A Review On The Prisoner of the Castle of Enlightenment by Therese Doucet

Violaine, a widow and mother of two, lover of books, finds herself in a proposition. After she discovers that her father sold her to a marquise in Boisaulne, she must leave her son and daughter in order to move in with the marquise. This is where she meets the marquis du Herle, also known as Harlequin, who brings her the the Castle of Enlightenment.

Heartbroken and lonely, Violaine discovers the vast library that holds treasures she never expected. But, Violaine discovers that the chateaux des Boisaulne has much more to offer than she thought.

Book: The Prisoner of the Castle of Enlightenment by Therese Doucet
Series: Standalone
Publication Date: February 4, 2020
Tags: Adult, historical fiction, romance, fantasy, retelling
Links: Goodreads | Ebook | Paperback | Hardback | Audio
Read: December 9, 2020 to December 22, 2020


A lover in and of the darkness …

Violaine, a devotee of books and learning, is sold by her father to a mysterious nobleman to become his companion. Fearing herself at the mercy of a monster, Violaine instead succumbs to the seductive spell of her magical new home, and the love of a man she has never seen, who comes to her only in the darkness of night.

The Château de Boisaulne is a place of many mysteries, but also a refuge for children of the Enlightenment in a time when Europe still languishes under the repressive chains of monarchy and superstition. But modern thought meets ancient lore, as the castle borders the forest lair of the roi des aulnes, an ogre said to be the ancestor of Violaine’s unseen lover … or are they one and the same?


Rating: 3.5 out of 5.

Spoiler Free Review

Violaine, a widow and mother of two, lover of books, finds herself in a proposition. After she discovers that her father sold her to a marquise in Boisaulne, she must leave her son and daughter in order to move in with the marquise. This is where she meets the Marquis du Herle, also known as Harlequin, who brings her the the Castle of Enlightenment.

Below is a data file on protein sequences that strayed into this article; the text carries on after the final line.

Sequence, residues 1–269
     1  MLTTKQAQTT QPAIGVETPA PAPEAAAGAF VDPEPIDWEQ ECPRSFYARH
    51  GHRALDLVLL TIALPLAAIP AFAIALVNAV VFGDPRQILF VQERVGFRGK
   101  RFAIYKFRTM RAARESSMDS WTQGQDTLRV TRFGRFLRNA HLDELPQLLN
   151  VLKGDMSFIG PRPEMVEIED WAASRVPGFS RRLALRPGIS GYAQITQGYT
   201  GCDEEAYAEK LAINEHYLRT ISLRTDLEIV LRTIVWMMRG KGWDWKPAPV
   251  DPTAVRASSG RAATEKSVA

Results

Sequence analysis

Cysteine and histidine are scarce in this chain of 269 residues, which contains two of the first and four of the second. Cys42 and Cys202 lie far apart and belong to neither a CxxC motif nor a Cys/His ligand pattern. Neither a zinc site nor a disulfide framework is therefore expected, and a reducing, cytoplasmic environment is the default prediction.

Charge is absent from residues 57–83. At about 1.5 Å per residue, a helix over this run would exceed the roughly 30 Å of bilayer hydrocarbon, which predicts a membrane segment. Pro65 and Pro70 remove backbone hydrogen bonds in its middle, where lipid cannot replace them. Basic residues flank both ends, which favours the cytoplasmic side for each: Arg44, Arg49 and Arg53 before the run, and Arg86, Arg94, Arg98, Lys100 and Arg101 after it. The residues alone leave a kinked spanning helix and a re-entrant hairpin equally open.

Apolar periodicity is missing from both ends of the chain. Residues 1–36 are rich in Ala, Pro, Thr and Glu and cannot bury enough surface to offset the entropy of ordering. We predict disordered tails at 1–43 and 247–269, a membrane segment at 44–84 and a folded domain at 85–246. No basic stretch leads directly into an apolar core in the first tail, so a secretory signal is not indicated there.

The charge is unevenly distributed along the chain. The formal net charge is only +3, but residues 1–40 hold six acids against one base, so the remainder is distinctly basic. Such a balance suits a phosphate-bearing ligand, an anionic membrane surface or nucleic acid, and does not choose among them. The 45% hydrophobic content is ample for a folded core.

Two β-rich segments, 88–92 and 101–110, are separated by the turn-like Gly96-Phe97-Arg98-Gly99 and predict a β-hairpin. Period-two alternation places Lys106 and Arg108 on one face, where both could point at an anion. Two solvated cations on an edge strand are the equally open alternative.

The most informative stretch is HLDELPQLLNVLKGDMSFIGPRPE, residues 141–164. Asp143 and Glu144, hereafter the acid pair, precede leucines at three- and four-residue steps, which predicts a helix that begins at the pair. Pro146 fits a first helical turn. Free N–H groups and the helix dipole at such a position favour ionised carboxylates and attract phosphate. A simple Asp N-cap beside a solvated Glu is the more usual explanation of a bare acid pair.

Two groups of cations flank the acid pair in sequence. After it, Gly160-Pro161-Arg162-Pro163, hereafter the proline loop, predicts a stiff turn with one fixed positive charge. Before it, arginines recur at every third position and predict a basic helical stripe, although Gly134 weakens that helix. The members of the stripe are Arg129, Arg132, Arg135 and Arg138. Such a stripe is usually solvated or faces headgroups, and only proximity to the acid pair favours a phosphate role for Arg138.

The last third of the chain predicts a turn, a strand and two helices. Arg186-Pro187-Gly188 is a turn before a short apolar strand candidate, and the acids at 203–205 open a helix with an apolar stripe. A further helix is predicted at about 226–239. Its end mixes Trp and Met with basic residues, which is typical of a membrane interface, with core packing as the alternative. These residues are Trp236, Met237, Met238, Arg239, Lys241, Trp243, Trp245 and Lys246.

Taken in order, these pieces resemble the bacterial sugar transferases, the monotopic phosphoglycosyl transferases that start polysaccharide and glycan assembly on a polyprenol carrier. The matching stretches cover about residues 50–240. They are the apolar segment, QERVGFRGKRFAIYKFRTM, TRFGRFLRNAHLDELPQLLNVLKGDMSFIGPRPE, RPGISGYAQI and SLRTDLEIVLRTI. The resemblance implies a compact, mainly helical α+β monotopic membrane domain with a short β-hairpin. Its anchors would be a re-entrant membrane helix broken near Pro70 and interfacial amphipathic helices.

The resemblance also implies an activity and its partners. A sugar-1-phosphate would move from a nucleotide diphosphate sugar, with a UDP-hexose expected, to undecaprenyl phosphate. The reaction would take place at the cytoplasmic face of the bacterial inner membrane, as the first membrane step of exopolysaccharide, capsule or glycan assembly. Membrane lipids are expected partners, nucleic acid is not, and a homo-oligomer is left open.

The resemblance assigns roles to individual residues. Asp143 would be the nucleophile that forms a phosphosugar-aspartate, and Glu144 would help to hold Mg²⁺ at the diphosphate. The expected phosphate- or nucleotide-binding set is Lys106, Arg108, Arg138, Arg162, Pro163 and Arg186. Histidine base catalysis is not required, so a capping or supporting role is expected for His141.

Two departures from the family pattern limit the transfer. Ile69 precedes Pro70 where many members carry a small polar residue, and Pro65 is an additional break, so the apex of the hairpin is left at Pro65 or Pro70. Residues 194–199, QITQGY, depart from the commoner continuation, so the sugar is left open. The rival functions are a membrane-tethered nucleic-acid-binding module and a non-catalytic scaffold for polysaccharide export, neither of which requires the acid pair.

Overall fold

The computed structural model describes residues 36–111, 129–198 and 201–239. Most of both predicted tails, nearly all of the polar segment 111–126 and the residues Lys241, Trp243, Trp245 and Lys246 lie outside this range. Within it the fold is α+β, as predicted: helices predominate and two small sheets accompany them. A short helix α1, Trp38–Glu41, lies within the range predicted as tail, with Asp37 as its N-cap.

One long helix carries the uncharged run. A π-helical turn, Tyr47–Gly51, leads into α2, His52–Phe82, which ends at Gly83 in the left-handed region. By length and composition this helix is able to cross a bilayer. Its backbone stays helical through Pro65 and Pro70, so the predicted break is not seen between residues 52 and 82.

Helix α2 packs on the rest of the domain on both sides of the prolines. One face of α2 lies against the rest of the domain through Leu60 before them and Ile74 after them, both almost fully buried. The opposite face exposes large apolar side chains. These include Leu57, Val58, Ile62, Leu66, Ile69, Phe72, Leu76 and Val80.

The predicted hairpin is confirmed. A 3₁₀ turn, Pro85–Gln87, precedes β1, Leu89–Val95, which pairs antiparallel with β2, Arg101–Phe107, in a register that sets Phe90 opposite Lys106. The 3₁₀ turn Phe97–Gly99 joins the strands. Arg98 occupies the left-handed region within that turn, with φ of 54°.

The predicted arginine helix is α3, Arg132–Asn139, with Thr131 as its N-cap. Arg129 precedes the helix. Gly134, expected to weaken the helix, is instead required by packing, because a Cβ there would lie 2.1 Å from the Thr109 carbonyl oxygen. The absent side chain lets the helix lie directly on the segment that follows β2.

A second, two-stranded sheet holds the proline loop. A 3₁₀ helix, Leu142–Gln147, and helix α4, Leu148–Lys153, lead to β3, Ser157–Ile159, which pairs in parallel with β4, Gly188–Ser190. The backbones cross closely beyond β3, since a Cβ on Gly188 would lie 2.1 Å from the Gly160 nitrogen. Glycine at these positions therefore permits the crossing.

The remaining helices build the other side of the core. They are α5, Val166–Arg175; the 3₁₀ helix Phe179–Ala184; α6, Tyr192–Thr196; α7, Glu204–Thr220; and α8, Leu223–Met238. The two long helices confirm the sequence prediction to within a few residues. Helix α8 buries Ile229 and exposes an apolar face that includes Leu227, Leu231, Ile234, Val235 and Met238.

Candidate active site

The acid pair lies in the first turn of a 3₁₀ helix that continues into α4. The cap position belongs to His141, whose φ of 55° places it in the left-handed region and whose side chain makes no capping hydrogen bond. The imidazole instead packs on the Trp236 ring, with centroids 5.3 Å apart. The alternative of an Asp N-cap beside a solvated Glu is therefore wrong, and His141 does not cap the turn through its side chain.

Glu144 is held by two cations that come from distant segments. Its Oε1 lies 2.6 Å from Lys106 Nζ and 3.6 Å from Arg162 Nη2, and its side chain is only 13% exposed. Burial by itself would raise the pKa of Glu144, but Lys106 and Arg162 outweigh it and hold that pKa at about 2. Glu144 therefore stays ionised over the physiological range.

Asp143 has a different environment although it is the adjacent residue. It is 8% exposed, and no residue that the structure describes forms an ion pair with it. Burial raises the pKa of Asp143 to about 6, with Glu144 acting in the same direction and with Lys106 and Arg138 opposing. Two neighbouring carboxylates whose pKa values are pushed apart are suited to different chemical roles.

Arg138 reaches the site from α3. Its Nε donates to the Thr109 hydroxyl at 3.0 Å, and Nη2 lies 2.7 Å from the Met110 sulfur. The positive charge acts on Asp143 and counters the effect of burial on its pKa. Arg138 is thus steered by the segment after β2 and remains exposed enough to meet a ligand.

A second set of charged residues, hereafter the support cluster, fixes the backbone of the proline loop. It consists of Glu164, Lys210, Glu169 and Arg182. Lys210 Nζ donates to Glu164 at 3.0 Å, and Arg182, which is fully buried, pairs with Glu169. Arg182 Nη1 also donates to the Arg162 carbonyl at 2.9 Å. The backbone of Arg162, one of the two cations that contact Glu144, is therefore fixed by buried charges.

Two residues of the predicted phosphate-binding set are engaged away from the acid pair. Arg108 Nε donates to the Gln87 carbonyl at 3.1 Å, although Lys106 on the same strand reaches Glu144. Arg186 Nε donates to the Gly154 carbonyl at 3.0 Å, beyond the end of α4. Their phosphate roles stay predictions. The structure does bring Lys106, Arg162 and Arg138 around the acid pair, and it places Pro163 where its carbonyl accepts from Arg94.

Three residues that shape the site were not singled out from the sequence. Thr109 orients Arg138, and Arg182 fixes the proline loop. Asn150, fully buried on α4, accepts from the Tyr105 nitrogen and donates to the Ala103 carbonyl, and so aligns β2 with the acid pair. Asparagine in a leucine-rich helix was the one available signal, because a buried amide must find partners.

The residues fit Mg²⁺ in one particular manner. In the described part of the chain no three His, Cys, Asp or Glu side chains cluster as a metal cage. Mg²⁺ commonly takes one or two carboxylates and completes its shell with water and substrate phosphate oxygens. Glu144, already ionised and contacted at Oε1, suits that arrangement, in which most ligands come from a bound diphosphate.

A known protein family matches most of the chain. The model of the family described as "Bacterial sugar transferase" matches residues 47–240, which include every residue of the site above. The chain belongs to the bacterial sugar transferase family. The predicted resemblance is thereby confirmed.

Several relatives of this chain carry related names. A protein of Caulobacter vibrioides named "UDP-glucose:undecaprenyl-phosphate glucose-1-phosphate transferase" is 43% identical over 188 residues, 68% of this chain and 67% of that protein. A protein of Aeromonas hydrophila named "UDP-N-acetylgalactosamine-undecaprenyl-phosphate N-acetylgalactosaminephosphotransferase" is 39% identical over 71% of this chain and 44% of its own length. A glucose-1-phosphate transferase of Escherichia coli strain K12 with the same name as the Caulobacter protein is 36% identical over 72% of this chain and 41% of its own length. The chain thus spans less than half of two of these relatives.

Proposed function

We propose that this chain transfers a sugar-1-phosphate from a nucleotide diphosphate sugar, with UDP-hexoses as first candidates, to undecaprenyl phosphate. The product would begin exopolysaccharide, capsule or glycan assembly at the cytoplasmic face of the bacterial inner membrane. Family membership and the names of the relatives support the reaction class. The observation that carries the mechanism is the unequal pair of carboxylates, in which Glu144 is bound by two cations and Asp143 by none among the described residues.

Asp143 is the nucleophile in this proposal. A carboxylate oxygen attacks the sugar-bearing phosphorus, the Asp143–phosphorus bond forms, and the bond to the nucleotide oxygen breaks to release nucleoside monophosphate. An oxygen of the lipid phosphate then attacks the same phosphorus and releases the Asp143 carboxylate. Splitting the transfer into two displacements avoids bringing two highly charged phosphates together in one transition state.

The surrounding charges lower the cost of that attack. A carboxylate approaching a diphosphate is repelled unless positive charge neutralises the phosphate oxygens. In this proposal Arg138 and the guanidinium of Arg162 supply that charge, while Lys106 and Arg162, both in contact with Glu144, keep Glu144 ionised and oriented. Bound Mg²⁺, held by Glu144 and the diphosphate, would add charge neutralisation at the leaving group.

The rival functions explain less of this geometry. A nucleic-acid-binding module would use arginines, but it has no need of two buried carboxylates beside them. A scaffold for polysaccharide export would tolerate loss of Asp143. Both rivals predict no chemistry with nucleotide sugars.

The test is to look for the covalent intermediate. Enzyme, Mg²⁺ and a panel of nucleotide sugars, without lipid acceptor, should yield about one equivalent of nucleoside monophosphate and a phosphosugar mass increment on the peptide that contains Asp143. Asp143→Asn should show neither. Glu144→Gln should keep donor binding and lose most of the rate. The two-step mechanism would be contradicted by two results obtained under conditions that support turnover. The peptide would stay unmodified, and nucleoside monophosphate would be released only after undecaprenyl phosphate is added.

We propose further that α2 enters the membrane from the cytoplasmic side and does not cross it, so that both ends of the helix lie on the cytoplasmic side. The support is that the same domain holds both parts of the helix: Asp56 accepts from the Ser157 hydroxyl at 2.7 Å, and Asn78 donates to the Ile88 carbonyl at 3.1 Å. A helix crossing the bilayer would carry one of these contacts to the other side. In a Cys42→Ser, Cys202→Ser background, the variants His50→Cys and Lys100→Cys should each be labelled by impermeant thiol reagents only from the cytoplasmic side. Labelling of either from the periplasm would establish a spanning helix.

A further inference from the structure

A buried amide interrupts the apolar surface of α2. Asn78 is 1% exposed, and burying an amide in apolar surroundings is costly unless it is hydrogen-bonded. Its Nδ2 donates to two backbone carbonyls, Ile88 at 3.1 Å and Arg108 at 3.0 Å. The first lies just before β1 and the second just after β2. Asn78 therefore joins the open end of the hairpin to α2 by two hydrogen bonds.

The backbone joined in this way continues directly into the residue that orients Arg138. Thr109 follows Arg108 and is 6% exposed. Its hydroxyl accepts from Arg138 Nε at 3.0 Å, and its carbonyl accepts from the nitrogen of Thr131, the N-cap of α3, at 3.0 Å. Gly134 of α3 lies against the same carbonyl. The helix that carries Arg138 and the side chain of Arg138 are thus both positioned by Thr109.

Heartbroken and lonely, Violaine discovers the vast library that holds treasures she never expected. But, Violaine discovers that the château des Boisaulne has much more to offer than she thought.

I gave The Prisoner of the Castle of Environment 3.5 stars, having a wondrous time reading this Beauty and the Beast retelling. This was a fascinating read as we dived into Violaine’s world when she is sold to a marquis as a companion, something that shocks her when discovering that this Marquis de Boisaulne wants nothing but a friend in his lonely château.

It started off a little slow, however as we slowly were introduced to our characters that either are friend or foe to Violaine, it starts to become intense and pushes you to lean forward and sit on the edge of your seat. I enjoyed the aspect of the Beauty and the Beast retelling as it didn’t necessarily copy our hero being a Beast and also loving how Violaine was – in ways – quite similar to Belle.

I love that they were both brave, book lovers, and kindhearted. It was amazing to sort of see the characteristics of Violaine grow as she began to spend time in the Castle of Enlightenment and how, as she began to make friends with the friends of Marquis du Herle that visit every year. The experiences that Violaine encounters shows that as a character, you can really tell how improved her life was from the beginning to the point she joined the Castle of Enlightenment.

This has been a great read as we discover how Violaine becomes much braver than when we were first introduced to her in the beginning of the book. This was a true character growth and I loved the way we got many glimpses of how she begins to stand up for herself and for her friends and the ones that she loves.

The Prisoner of the Castle of Enlightenment is a great read and I highly enjoyed the journey that I was on as I continued to push through the book.

I hope you guys have a great day, please like and comment down below if you enjoyed this book as well or if you plan on reading it!

Loves,

Veronica Chen

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